Nikole also mentioned that volunteers - and donations - are needed for the Back to School Fair.
And volunteers are needed Labor Day weekend for Wisconsin' Best Rib Fest. Sign-up sheets will be available today and weeks to come. Make a commitment to help make this joint Rotary project a success again.
Karen Schibline mentioned that Rib Fest tickets are available. $5 for daily pass and $20 for the weekend. The weekend pass also allows patrons to come and go freely throughout the event.
Shared Harvest -- Michael Audit said the schedule for volunteers for Shared Harvest is "pretty well set" for the next couple of weeks ... or it was until Kathy Propp advised Michael that she and her husband would not be available to help as scheduled on July 21. Contact Michael if you can assist on that date or any other date in the future.  Shared Harvest gathers fruits and vegetables from the vendors at the end of the Farmer's Market on Saturday. Time required is from about 11:30 to 12:30 to pull wagons around and ask for donations from vendors.
Runway 5K -- Sue Panek reminded us that EAA has chosen the United Way as the recipient of the monies raised during its annual Runway 5K race, which will be held on Saturday, July 28. Sue noted that 80 volunteers will be needed and all volunteers will receive a wristband to attend the event that day. (Note Saturday evening is the second night air show and fireworks display, and your wristband is good through that activity.) Volunteers are needed at various times form 5 a.m. to 9:30 a.m.  Sue passed around a sign-up sheet. She noted that all volunteers will receive a LiveUnited t-shirt to wear that day.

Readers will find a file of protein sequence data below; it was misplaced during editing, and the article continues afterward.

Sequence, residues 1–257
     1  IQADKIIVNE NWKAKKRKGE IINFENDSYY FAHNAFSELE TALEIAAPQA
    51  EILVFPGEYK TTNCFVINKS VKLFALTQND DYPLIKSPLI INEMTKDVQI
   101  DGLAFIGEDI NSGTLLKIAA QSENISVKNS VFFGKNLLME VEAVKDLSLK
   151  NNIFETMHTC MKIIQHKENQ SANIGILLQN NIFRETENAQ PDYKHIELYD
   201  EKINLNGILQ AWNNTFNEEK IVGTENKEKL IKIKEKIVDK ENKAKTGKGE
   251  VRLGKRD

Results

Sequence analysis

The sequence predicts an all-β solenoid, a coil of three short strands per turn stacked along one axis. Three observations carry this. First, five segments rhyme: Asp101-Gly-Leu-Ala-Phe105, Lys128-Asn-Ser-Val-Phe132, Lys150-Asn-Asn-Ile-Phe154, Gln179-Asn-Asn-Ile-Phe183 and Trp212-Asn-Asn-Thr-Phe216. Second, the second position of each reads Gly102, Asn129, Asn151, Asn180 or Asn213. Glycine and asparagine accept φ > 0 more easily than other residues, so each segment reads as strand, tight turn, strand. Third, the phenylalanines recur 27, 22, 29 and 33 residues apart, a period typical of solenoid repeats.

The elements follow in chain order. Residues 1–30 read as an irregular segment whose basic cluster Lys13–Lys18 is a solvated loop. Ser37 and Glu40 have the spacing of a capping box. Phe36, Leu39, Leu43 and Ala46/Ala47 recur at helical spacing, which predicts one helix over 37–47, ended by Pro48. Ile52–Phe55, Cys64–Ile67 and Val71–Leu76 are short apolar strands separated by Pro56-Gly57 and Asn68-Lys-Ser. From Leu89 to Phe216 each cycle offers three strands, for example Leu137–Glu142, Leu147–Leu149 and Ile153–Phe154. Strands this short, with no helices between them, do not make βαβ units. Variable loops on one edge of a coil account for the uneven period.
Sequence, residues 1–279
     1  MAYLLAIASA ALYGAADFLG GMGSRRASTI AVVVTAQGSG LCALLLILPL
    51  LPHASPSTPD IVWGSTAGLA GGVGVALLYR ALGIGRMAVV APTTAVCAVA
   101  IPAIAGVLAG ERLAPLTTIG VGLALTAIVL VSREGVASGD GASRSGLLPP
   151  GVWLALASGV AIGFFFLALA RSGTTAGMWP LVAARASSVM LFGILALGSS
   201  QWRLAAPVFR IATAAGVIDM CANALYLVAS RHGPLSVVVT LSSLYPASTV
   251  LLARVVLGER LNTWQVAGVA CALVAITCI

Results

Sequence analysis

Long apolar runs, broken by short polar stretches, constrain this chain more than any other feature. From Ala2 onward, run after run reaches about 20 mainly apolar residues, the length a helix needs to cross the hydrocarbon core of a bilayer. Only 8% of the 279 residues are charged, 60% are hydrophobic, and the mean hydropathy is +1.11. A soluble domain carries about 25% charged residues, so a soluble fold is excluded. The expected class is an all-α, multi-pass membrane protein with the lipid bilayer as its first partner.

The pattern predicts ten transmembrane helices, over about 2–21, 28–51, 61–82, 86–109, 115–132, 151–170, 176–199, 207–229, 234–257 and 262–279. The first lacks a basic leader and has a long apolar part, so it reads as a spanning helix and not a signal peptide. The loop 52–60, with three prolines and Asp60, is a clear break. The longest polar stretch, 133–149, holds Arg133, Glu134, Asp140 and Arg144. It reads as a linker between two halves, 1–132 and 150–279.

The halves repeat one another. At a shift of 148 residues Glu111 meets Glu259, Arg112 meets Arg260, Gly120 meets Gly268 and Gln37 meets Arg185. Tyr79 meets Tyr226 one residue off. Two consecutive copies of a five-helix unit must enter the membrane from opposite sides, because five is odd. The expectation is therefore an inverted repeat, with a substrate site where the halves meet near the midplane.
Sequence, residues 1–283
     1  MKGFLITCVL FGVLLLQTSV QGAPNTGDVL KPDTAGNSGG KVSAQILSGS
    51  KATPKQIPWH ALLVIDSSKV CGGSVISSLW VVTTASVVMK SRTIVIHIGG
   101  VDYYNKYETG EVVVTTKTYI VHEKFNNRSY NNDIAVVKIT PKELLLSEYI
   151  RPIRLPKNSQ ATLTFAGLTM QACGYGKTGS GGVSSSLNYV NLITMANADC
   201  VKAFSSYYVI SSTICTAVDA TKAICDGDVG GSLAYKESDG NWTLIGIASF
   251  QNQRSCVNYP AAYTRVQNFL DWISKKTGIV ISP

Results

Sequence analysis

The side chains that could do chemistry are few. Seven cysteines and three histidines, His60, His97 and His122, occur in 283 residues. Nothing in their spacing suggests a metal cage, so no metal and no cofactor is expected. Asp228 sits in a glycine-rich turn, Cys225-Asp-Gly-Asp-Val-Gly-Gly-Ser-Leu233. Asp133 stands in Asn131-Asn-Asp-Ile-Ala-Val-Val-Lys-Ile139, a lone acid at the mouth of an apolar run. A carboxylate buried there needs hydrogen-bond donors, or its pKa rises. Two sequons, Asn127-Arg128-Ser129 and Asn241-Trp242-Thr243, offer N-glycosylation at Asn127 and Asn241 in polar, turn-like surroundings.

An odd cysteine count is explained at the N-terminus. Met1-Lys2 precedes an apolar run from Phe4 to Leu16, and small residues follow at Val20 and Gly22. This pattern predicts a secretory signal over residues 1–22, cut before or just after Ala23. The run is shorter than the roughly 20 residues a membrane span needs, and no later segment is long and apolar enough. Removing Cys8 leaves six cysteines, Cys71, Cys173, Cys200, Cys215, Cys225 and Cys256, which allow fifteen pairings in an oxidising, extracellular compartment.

President Christy announced there will be a going away party for Michel on Wednesday, July 18th. It will be an outside event at the Best Western. She may have given the times, but I missed it. Final details this week.
Happy $ for July 9th
President Christy Marquardt announced that she has chosen the fight against human trafficking as the beneficiary of our Happy $$. She has not selected the organization, though. She is seeking the one that will benefit Oshkosh the most.
Dave Sennholz got the human trafficking campaign off to a great start with an $80 donation, in honor of his 80th birthday on Saturday, July 7. Happy Birthday, Dave.
Chanda Anderson -- was happy to re-introduce herself to the Club and said she is hoping to get back into being involved in Rotary now that her business expansion opportunity is up and running. She gave $3, one to make up for the one she missed last week.
I gave a Happy $ because I had a "entertaining and amusing, though not necessarily informative" (my assessment) column published in the Northwestern. But I was happy because ultra-liberal Gordon Hintz told me he agreed with me. That is probably a first. I am not whether to be flattered or worried. Gordon did interject that he did not agree with the entire article. He probably objected to the idea of Stormy Daniels as the Democratic Presidential candidate in 2020.